Posts Tagged ‘Texas Legends’

A disciple of Wooden, Del Harris wins award in legendary coach’s name

Del Harris

Del Harris spent 14 seasons as a head coach in the NBA.

 

DALLAS – Former NBA coach Del Harris grew up in Indiana idolizing fellow Hoosier Stater John Wooden. During Final Four weekend next month in North Texas, Harris will receive the Coach Wooden “Keys to Life” award at the Legends of Hardwood breakfast.

Harris, 76, coached for more than 50 years, starting at junior high, high school and college before guiding the Houston Rockets, Milwaukee Bucks and Los Angeles Lakers. He spent many more years as a top assistant, including in Dallas under Don Nelson. Harris, who lives in Dallas, remains tied to the game as the vice president of the Mavericks’ D-League affiliate Texas Legends in suburban Dallas. Harris is also a part-time studio analyst on New Orleans Pelicans broadcasts.

The “Keys to Life” honor is akin to a lifetime achievement award. That it is in the name of the legendary Wooden means the world to Harris, who as an ordained minister started out in life as a preacher, “and I still do that most of the time,” Harris said Friday prior to the Mavs taking on the Pacers, “but it became obvious early on that what I was called to do was coach basketball, primarily.”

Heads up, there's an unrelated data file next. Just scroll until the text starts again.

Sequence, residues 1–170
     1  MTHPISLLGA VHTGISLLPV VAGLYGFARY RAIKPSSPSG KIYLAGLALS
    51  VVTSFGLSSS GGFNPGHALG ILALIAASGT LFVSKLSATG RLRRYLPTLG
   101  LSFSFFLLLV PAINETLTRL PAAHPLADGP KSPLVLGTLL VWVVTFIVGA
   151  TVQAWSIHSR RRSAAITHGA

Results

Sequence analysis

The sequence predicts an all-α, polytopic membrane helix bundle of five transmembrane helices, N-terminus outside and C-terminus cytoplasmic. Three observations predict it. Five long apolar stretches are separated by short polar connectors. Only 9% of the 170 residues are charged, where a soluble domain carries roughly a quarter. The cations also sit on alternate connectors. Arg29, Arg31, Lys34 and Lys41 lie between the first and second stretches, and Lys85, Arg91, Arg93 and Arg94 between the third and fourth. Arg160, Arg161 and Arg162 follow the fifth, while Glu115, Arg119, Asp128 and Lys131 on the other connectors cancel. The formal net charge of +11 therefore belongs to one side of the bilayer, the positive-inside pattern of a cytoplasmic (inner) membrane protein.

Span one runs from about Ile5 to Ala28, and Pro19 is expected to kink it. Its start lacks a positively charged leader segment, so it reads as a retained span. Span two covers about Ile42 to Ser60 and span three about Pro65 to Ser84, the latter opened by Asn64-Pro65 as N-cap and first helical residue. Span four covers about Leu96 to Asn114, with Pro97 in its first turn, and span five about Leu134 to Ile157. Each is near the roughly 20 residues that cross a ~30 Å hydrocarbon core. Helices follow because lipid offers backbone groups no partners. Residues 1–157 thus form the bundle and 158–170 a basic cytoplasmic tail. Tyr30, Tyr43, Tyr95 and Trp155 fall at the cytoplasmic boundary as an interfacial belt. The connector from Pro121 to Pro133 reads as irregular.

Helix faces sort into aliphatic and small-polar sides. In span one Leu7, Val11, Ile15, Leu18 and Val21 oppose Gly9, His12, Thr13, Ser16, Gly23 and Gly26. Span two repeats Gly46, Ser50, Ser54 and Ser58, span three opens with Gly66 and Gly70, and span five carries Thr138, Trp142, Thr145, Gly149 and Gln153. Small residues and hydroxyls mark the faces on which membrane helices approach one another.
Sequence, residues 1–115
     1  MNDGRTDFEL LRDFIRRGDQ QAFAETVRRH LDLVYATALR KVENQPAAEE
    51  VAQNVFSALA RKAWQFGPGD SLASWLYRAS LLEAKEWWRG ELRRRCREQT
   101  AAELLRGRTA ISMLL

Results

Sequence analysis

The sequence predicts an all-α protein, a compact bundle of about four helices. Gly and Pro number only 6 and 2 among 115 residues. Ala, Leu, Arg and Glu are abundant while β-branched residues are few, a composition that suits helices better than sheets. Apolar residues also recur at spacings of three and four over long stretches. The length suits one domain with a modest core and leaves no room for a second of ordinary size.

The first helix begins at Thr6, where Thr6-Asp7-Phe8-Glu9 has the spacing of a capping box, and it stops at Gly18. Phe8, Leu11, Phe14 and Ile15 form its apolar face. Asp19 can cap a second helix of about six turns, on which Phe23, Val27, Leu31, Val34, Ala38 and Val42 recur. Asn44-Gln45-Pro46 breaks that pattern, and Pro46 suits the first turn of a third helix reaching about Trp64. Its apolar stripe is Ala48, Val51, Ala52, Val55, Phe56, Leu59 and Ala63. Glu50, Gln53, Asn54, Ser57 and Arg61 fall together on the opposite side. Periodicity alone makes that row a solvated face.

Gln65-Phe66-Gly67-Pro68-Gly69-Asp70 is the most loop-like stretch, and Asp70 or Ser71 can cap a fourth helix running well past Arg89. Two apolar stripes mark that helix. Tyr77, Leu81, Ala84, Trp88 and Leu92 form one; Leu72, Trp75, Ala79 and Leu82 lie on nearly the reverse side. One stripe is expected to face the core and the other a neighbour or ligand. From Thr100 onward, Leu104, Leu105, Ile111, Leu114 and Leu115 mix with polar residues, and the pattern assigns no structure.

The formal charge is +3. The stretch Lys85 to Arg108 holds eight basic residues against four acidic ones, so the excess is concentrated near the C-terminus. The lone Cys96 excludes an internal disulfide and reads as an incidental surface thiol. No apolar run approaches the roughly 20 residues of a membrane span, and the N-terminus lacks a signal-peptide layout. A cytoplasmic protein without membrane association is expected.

The significance of coach Wooden’s influence on Harris’ life and his career is best told by Harris, a walking, talking basketball encyclopedia in his own right:

“When I was growing up in Indiana, I grew up 30 miles or so from Martinsville, where he played. When I was quite young and starting to play, the NBA hadn’t started yet. So our heroes in those days in Indiana were the high school players and the college players that had established themselves. Guys like coach Wooden, he was the No. 1 as a player winning the championships in high school and then being at Purdue, the best player at that time, in our little world. Those were our heroes.